Silly Taxes, No Need For Digital CoinsSuddenly, I feel an urge to book a flight to Spain, and start looking for an apartment. Why? They confirmed digital currency free and clear of taxes.
In Spain bitcoin has always been VAT free, but it was just confirmed by the Spanish government. The confirmation is based on the interpretation of EU VAT Directive 2006/112/CE, which recognizes bitcoin as "financial service" (FinCEN anyone?).
This is as opposed to the USA's IRS, of course, who make the claim that, digital currency is really property. Yes, apparently something that doesn't exist, can be property.
In defense of the IRS (did I just say that?), the only property would be the intellectual property of which would be the private key, and access thereof, thus technically, property. It's one of the double edged sword things, we love certain laws most of the time, until they don't work in our favor, then we whine about it. Regardless, it just goes to show you that governments are going to TAX whatever they possibly can.
Legal expert, Pablo Fernández Burgueño, had this opinion on the Spanish confirmation:
"Bitcoin is mostly being used as a speculative tool, only a minority are using it as a payment form, because of this the tax office would find it impossible to levy VAT for every bitcoin transaction."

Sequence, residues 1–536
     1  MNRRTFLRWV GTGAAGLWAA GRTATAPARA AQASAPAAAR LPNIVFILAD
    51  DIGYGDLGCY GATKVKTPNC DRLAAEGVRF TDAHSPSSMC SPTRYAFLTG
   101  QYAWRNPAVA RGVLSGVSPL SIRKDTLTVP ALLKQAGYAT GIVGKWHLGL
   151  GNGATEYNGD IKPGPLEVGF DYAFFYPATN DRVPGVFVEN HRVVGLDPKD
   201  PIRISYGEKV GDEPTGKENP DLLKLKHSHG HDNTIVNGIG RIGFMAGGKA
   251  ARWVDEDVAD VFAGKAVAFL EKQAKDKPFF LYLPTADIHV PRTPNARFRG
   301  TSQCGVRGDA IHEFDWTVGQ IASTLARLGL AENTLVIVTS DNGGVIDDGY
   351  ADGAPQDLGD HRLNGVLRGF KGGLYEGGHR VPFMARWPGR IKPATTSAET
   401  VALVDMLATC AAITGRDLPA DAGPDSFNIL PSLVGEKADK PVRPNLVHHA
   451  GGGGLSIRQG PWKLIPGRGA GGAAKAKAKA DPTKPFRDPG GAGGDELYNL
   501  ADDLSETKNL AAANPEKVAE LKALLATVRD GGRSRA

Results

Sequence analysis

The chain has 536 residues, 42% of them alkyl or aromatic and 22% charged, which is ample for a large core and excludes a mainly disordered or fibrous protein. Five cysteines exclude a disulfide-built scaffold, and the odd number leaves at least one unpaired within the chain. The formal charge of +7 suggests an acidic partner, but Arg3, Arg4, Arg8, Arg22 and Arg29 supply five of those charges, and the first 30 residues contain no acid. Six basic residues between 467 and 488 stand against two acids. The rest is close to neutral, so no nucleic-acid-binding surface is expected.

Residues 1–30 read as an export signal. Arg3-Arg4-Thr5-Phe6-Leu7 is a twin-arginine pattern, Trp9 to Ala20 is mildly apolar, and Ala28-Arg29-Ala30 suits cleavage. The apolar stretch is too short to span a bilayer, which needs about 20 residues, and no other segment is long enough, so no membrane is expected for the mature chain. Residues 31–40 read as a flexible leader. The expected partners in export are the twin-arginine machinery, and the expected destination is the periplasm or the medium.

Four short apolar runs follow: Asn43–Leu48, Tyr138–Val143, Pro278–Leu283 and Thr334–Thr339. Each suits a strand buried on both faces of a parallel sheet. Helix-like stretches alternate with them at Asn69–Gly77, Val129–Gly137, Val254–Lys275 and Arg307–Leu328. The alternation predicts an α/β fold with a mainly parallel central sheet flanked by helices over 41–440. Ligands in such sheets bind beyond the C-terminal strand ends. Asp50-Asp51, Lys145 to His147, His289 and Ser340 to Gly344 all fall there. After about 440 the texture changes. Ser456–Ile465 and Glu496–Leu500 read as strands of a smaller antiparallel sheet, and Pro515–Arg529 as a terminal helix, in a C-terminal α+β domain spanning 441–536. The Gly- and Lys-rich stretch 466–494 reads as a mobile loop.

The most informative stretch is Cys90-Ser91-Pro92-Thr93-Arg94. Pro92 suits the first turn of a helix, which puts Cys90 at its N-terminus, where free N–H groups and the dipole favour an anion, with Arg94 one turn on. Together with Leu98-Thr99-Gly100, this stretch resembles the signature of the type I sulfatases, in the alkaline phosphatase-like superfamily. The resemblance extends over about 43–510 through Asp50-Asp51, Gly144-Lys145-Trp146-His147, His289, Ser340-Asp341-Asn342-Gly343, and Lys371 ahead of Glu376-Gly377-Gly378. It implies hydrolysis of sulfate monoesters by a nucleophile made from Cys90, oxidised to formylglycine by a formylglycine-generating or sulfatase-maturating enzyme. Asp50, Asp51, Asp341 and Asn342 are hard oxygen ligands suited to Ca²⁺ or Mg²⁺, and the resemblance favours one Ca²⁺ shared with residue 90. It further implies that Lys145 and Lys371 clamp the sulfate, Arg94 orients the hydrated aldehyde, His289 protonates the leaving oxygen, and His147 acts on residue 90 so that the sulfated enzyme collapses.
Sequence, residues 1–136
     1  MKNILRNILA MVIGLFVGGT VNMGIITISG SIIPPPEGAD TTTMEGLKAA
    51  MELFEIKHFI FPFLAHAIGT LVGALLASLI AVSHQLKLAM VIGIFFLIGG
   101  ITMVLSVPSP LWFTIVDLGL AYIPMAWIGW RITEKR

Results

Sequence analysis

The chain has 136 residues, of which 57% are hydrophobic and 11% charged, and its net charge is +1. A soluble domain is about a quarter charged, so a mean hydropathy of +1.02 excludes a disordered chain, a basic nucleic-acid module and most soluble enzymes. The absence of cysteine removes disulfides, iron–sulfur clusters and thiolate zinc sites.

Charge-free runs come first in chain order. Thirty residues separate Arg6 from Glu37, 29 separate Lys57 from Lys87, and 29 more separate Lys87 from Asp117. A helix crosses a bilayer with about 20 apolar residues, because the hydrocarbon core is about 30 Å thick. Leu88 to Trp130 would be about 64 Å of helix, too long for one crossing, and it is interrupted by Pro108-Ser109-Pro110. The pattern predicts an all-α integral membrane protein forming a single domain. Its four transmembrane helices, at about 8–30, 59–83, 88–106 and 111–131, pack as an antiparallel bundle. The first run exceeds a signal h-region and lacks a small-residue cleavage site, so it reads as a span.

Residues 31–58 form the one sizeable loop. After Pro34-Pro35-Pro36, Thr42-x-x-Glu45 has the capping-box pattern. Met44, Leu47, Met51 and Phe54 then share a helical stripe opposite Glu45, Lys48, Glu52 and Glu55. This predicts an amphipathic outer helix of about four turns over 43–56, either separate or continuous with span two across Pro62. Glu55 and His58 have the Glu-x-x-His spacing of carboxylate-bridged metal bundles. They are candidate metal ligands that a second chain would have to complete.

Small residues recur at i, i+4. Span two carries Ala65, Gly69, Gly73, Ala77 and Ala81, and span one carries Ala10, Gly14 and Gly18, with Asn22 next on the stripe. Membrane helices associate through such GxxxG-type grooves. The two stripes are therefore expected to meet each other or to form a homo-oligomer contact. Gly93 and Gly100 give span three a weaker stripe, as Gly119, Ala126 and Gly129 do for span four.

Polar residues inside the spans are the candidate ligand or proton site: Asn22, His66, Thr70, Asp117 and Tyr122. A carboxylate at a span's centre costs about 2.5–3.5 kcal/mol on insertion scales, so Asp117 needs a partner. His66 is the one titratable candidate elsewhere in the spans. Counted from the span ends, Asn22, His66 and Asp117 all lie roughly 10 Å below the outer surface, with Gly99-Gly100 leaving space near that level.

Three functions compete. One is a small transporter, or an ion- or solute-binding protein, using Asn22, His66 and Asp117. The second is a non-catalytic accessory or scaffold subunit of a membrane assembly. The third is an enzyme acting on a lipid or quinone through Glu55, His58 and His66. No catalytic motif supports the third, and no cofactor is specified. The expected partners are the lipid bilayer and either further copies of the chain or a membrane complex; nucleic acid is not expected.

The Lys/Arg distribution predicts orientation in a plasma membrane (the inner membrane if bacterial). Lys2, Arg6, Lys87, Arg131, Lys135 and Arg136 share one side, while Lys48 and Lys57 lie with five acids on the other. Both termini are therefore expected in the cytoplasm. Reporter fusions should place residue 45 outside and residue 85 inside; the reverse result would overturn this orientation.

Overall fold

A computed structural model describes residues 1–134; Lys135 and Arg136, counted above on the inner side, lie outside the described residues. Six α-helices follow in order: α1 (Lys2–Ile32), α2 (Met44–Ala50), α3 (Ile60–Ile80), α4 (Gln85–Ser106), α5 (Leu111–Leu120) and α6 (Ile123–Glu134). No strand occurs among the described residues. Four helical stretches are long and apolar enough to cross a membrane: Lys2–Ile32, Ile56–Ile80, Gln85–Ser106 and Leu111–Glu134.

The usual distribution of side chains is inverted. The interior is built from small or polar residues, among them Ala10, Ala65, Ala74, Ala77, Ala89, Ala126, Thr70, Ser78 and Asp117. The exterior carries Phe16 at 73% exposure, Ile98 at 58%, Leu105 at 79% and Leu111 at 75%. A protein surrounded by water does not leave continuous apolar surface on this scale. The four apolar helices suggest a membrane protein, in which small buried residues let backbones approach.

Earlier this year, a Spanish bank, BBVA, invested in the 75 Million round of D funding raised by Coinbase (D, E, C ... I've lost track actually) , and others are investing as well. This is really starting to put Spain on the map as one of the go-to Countries for BitCo's (Bitcoin related companies).
No Tax? No Government up your butt? Free to run around the wild and trade Bitcoin, naked?
There must be a catch!
Of Course, There Is A Catch
The confirmation of this tax exemption and definition of bitcoin as a "financial service, linked to payment methods which enable the transfer of money" likely falls under "special risk" activities, and that means Spanish companies transacting with digital currency will have to get AML compliant.
In the USA, it's both. The IRS list digital currency as property, while FinCen claims that it is Money Transmission, so you get both taxed. and a flashlight up the rear. Ever wonder why people sarcastically say "Only in America"? Well there you go, a perfect example.
We have to commend this and congratulate the Spanish. No tax, compliant BitCo's. Clearly defined, and well done... so let the celebration continue.